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The Book of Dirt by Bram Presser (Text Publishing)
How are the horrors of the Holocaust to be remembered as its last witnesses pass? Bram Presser, grandchild of Holocaust survivors Jacob and Dasa, wrestles with this question in The Book of Dirt, weaving personal history and invention in ways that push the novel form to the limits, without ever losing sight of his urgent human project.
Although Presser’s family believed Jacob had taught children in the Theresienstadt ghetto, a profile published after the old man’s death claimed he had been conscripted to sort stolen Judaica for Hitler’s infamous ‘Museum of the Extinct Race’ in Prague. Incorporating archival research and photographs with gripping invention, Presser doggedly pursues the truth while turning over the limits of historical inquiry and story. Taking his title from the legend that sixteenth-century Rabbi Judah Loewe hid the heart of his golem (summoned from the Vltava River to protect the Jews of Prague) in a hollow book, the author offers a powerful metaphor for a project that weaves ‘the threads of rumour and legend’.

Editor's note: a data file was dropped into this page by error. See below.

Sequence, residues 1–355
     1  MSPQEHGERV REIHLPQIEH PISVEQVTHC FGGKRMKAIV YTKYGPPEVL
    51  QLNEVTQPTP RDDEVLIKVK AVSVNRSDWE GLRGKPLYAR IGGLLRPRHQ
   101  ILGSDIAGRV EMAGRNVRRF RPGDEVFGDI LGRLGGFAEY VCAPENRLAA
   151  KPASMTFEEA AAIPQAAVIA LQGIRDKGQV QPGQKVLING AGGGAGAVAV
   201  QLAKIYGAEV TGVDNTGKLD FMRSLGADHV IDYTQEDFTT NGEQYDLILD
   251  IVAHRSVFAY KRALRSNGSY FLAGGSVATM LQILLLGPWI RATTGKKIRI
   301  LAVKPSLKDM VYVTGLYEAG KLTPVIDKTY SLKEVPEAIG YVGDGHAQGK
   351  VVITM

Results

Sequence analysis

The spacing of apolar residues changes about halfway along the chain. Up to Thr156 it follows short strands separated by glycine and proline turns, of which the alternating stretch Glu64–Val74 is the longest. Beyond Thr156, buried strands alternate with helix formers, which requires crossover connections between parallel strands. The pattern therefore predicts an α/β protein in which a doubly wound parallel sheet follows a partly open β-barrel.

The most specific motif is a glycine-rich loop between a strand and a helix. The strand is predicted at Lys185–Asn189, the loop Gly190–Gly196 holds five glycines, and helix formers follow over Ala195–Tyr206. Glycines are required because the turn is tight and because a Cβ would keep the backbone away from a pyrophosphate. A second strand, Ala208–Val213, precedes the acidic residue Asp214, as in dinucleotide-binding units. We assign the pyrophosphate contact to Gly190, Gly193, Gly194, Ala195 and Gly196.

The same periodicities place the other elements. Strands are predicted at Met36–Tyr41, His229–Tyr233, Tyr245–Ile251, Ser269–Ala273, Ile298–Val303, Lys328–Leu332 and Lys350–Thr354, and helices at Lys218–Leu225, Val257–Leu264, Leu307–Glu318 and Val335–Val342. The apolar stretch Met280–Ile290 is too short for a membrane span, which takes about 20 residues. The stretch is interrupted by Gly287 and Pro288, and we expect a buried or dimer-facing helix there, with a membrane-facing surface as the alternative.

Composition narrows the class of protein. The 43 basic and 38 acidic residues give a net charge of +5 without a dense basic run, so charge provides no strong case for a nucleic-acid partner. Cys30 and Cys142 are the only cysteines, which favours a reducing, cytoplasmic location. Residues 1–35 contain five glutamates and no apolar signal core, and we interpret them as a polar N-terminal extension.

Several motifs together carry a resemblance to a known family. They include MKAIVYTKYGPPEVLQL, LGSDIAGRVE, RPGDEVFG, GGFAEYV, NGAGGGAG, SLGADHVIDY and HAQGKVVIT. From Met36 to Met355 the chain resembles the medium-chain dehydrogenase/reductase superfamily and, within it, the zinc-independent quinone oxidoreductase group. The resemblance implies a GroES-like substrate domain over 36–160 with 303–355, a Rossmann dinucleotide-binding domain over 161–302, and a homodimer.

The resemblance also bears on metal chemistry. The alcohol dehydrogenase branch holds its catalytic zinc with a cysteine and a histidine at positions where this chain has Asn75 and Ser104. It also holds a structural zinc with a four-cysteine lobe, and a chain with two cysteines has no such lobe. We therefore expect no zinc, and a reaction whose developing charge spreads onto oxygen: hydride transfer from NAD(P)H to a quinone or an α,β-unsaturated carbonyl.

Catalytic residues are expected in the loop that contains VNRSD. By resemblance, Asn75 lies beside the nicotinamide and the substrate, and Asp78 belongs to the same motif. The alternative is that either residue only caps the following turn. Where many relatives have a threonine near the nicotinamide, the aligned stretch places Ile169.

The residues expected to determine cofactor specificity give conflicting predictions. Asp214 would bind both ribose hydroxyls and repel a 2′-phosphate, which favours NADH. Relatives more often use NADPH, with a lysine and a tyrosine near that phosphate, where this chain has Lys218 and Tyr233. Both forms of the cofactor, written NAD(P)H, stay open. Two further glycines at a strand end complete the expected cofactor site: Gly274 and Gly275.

Deeply moving, complex, with an involving crowd of protagonists, The Book of Dirt is less an exhumation than a summoning of souls. With great heart and daring, Presser grapples with the novel form to break through what the book describes as the ‘great Perspex wall of Holocaust ownership, the barrier encountered by every member of the second and third generation who tries to make sense of what happened to their family’.